So what do you do to form wrinkles in that location? When you take off the necktie, you want to pull on the tail of the necktie until you have a loop that is smaller than your neck. I usually keep my loop about the size of a tennis ball. Then I just hang it somewhere until further use. That’s it! The section of the tie that is stuck in the knot is the part that becomes wrinkled.

Now let’s say you forget to do this entire step. If those wrinkles happen to appear on a “visible to others” section of the necktie, you can always iron or steam that section until the wrinkles disappear. It might not disappear all the way, but it is still better than nothing.

Remember to check the tag which indicates what material the necktie is made of before ironing. (You do not need to check for steaming)

  • For silk and polyester ties – Use cool iron settings
  • Wool ties – Use medium-hot settings
  • Cotton and linen ties – Use hot settings

Summary

Having to wear a necktie for the first time is not very convenient. Trying to find the best knot, keeping it as straight as possible, finding the right length…it takes A LOT of work and A LOT of patience. Therefore, after creating the best knot and finding the right length for your necktie, why take it apart?

Just follow the steps above for taking care of a necktie when not in use and save that until the next time you use it. You don’t quite need a zipper tie since you have essentially created your own. Hope this helps and saves you time!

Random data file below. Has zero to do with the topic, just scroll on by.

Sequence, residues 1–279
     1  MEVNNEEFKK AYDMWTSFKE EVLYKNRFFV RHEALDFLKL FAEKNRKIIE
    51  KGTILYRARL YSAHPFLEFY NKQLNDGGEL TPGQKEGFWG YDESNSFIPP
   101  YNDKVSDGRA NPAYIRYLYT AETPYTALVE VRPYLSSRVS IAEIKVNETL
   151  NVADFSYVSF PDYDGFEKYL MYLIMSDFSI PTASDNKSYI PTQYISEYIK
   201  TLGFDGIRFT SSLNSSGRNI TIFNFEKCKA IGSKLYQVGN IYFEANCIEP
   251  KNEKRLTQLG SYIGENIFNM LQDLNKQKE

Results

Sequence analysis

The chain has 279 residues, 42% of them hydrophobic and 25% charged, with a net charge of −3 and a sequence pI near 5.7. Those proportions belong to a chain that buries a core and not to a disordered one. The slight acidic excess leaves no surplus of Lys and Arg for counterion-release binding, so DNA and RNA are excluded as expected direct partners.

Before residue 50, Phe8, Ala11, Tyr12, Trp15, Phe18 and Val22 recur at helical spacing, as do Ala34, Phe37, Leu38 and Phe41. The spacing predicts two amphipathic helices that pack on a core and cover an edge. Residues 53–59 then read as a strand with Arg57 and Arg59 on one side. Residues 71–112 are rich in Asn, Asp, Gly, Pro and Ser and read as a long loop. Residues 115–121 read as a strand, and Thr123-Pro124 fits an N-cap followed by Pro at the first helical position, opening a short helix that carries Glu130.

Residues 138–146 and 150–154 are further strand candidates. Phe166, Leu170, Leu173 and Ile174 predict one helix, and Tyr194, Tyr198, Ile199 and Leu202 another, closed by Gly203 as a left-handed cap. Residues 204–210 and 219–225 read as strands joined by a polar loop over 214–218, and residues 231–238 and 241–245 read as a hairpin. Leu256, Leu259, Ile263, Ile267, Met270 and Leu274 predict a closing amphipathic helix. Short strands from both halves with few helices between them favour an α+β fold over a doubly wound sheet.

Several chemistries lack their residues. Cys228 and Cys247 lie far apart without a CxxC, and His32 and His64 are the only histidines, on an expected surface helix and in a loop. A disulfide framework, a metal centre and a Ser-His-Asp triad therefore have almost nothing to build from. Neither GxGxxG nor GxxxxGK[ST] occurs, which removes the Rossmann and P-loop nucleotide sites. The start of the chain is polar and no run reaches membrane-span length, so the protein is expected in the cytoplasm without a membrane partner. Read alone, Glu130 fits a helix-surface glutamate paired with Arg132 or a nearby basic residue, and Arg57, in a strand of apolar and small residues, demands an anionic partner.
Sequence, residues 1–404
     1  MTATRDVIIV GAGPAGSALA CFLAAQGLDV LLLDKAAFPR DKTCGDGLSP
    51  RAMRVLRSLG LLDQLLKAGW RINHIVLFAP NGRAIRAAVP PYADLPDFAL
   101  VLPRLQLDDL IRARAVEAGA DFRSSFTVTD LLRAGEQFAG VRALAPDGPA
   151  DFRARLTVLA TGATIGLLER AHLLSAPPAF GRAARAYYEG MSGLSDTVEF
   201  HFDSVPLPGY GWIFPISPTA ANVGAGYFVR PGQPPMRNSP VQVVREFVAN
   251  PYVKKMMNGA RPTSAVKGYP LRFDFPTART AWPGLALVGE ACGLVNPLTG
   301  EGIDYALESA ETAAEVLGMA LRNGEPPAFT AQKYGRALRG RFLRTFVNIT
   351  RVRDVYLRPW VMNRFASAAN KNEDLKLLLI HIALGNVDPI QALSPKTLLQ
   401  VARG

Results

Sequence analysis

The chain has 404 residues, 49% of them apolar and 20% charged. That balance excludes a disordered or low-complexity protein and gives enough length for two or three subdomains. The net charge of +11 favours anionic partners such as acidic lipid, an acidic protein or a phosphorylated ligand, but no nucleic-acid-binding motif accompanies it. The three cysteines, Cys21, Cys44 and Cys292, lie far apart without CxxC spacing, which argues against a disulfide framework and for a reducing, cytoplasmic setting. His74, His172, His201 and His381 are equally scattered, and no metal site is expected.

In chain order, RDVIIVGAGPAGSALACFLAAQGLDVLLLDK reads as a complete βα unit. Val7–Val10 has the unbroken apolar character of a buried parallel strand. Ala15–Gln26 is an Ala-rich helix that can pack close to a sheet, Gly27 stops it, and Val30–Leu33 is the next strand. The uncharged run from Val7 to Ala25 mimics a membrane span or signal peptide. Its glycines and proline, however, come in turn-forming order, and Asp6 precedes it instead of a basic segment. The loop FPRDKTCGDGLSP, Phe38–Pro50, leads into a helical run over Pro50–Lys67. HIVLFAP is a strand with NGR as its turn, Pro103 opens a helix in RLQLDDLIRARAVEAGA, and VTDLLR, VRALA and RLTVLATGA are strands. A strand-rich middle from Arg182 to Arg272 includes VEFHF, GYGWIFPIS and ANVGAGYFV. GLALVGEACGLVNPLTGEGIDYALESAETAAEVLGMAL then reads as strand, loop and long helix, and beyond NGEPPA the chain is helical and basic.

Did you enjoy this life hack for tying more balanced knots for neckties and also how to care for them when not in use? Please leave a comment below!

18 thoughts on “Does Your Necktie Seem Crooked? Have Trouble Fixing it?”

  1. Ha, wow! Great piece of an article. I am translating it because I want my husband to read it and, of course, follow your instructions to prepare his best knot. So far, I’ve been learning how to do it for him …, and I think I miss some details that you share here. Thanks for this important article!

    Reply
    • Hello Dr. Gala! Thank you for your comment and also for learning how to do it for him. Glad to hear this article provided some missing details!

      Reply
  2. Interesting trick by leaving the knot on after using the necktie, I’ve always unfolded it all these while and tieing it back again in the morning before work is really irritating especially when you wake up a bit later than usual and the meeting’s in half an hour. Do you think the wrinkles will be permanent if we leave the knot on for longer than a week?

    Reply